When I plug headphones into my Windows 10 laptop, the system asks me what I installed, and particularly, whether the headphones are "earbuds", "on-ear" or "over-ear".

I was not sure exactly what to choose (I have some old headphones and not sure if they are called "on ear" or "over ear") so I tried all three options and did not notice any difference.

What is the difference between choosing "on ear" vs. "over ear"? (and what is the difference between this and choosing "earbuds"?)

  • 15
    To clear up the terminology: over-ear refers to headphones with large cups that fully enclose or surround your ears, on-ear are similar in style but have smaller cups and sit on your ear lobes instead. Some people, especially those with glasses, have problems with over-ear headphones while on-ear headphones can have more problems with audio leak due to the less head-sealed and softer nature of the design. I'd suspect that on-ear headphones might need more of a volume boost to deal with environmental sound but don't really know why windows cares hence only a comment.
    – Mokubai
    Jan 7, 2019 at 10:19
  • 4
    I wear glasses and it's on-ear headphones that cause me issues. They squish the ear over the eyeglass temple, which hurts after a while. I suppose it varies though. Jan 7, 2019 at 15:44
  • @Mokubai Small correction: on-ear headphones sit on the whole ear, not just the lobe.
    – wjandrea
    Jan 7, 2019 at 16:08

1 Answer 1


I have a Dell laptop with an audio controller tool MaxxAudioPro, and these pictures are what it shows on plugging in the headphones.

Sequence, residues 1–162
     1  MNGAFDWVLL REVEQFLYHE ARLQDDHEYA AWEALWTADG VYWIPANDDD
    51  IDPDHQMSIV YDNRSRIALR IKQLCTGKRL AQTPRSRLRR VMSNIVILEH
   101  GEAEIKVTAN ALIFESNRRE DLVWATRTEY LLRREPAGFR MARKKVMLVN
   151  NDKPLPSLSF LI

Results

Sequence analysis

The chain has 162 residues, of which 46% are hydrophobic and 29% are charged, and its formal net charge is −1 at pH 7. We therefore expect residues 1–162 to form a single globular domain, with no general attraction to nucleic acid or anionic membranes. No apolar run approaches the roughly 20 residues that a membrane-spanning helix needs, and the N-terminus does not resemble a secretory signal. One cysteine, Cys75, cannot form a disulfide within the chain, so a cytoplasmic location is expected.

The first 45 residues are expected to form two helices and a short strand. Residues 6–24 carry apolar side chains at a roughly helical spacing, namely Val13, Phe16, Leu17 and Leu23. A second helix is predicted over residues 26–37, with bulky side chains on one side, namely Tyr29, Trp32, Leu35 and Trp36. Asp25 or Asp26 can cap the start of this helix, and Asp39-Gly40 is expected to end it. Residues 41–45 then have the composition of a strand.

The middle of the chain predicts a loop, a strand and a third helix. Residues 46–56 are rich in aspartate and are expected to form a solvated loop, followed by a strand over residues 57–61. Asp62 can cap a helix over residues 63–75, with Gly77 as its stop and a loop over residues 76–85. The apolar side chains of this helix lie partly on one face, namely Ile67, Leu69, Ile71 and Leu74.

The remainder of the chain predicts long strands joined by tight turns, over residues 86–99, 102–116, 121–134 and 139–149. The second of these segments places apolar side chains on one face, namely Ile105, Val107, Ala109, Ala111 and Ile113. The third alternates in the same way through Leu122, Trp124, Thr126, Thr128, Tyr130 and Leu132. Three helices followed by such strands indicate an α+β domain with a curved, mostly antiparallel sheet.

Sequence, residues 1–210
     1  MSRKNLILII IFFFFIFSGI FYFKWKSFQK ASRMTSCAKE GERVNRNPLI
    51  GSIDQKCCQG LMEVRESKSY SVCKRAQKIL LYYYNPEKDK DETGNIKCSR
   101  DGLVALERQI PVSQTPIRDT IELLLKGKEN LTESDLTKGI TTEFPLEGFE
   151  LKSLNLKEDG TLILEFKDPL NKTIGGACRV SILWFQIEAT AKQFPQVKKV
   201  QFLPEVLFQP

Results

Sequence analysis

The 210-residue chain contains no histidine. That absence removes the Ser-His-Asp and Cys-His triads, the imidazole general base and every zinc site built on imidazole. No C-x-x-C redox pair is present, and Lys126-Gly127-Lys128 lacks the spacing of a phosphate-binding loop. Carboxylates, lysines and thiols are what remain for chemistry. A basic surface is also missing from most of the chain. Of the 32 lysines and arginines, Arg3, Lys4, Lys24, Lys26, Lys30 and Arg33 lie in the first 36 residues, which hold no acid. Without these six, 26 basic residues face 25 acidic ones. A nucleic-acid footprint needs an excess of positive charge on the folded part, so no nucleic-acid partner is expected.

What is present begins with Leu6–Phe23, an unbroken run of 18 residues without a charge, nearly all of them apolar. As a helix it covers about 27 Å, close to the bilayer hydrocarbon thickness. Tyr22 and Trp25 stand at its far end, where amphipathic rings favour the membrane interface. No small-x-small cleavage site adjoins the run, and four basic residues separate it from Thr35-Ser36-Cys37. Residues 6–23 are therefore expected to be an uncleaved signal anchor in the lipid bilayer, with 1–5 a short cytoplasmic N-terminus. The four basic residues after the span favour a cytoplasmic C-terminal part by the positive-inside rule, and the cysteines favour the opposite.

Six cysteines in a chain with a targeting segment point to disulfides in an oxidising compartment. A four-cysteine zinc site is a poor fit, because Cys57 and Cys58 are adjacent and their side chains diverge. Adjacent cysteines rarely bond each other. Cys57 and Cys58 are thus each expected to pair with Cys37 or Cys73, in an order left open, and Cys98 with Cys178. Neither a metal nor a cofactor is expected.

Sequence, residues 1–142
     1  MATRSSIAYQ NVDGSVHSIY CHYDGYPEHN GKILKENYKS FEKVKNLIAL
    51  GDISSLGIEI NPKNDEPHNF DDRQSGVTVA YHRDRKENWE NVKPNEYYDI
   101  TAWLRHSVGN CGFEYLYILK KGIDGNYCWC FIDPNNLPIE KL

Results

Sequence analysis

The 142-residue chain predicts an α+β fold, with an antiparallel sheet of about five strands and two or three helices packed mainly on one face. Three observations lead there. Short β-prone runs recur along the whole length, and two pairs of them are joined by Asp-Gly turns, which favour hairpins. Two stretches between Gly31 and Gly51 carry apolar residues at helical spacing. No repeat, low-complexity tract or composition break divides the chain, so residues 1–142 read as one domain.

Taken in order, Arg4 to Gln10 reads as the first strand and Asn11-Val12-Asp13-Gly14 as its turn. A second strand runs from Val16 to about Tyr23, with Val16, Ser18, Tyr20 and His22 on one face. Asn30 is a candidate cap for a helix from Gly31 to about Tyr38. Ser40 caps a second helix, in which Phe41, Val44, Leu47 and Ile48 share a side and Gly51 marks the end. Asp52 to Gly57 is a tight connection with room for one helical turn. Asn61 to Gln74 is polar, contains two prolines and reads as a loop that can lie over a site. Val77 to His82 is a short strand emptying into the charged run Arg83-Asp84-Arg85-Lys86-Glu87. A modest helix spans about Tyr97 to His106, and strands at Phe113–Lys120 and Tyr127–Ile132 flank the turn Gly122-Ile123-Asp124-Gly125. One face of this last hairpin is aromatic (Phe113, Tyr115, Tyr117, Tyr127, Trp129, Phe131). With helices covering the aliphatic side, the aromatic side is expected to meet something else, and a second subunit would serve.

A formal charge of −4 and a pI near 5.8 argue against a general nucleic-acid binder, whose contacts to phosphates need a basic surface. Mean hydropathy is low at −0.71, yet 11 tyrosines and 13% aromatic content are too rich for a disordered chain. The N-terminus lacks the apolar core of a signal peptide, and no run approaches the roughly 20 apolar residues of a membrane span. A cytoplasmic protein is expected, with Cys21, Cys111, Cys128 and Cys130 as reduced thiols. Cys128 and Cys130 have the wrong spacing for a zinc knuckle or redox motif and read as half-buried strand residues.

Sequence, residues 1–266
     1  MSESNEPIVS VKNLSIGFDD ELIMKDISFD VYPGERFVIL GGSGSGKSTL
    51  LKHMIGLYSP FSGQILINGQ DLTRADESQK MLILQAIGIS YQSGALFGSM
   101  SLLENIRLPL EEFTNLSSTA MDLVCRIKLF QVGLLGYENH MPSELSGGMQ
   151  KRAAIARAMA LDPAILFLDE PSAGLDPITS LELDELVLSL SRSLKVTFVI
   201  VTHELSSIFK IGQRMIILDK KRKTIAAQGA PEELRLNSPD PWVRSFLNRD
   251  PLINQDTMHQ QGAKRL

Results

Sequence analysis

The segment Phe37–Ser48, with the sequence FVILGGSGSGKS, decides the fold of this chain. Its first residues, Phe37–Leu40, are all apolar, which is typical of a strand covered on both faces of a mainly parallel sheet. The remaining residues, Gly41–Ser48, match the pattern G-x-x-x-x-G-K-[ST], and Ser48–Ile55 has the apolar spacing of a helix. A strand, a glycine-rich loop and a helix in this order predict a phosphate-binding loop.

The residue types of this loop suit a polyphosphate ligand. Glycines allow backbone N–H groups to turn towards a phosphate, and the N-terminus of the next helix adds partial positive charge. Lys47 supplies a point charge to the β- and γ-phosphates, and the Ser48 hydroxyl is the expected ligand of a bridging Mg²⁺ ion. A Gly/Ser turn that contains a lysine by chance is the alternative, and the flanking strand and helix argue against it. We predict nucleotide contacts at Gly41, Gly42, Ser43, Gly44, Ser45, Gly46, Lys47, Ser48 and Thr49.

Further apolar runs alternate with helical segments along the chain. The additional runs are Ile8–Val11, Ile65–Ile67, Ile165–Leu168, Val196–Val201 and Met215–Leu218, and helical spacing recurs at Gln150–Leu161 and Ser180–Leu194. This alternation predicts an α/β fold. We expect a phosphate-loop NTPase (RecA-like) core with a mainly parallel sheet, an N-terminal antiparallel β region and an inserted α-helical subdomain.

Earbuds pic

On-ear pic

Over-ear pic

Depending on how the tool optimizes the sound quality regarding the headphone/headset type, you might get different depth, bass, detail, etc. the differences might be unrecognizable in some cases, but you can apply different settings to each type. For instance, I like high bass. For the earbuds, I set max bass. As the over-ear already has a good bass, I have set it to mid.

  • 12
    Good answer. I'd add that generally as the cup size goes up you can use larger speakers that moves the performance down towards the bass frequencies. Smaller speakers tend to be better at high frequencies and needs good mechanical design and a little boost from the incoming signal to compensate.
    – Mokubai
    Jan 7, 2019 at 10:36
  • I think the main reason they ask is not for EQ, but rather for the spatial audio plugins included in Windows 10 (Windows Sonic and Dolby Atmos), or via your laptop`s audio controller. You can turn those on and off by right-clicking the mixer icon in the notification area. The type of headphones or the position of speakers has a greater impact for those calculations. Jan 7, 2019 at 21:20
  • 6
    I wonder how you turn off all this guff and get to listen 1:1 without any "corrections". With a decent set of headphones, we really don't want anything interfering with the signal path.
    – spender
    Jan 8, 2019 at 11:40
  • 1
    @DrunkenCodeMonkey I don't think it's about EQ, it's about driver impedance. Some modern sound cards or chipsets may support changing their output impedance to better match the larger, higher impedance drivers in over-ear studio or reference headsets. Windows should be explicit about it if that's the case (ie: the option should be "Low-Z", "Mid-Z", "High-Z", or some such) because it's very possible to get high impedance, high end in-ear monitors which should use the same settings, for example, as the larger over-ear sets.
    – J...
    Jan 8, 2019 at 13:22
  • 3
    @wizzwizz4 Tragic, I know. I ran into this recently with FFXV having a weird audio setting with options "Television" and "Home Theater" - what the option actually did was switch between Stereo and 5.1 output. It hurt my brain to have to look this setting up only to realize they'd dumbed it down so much that it was completely unclear what the setting actually did. Welcome to the future (sigh)...
    – J...
    Jan 8, 2019 at 19:35

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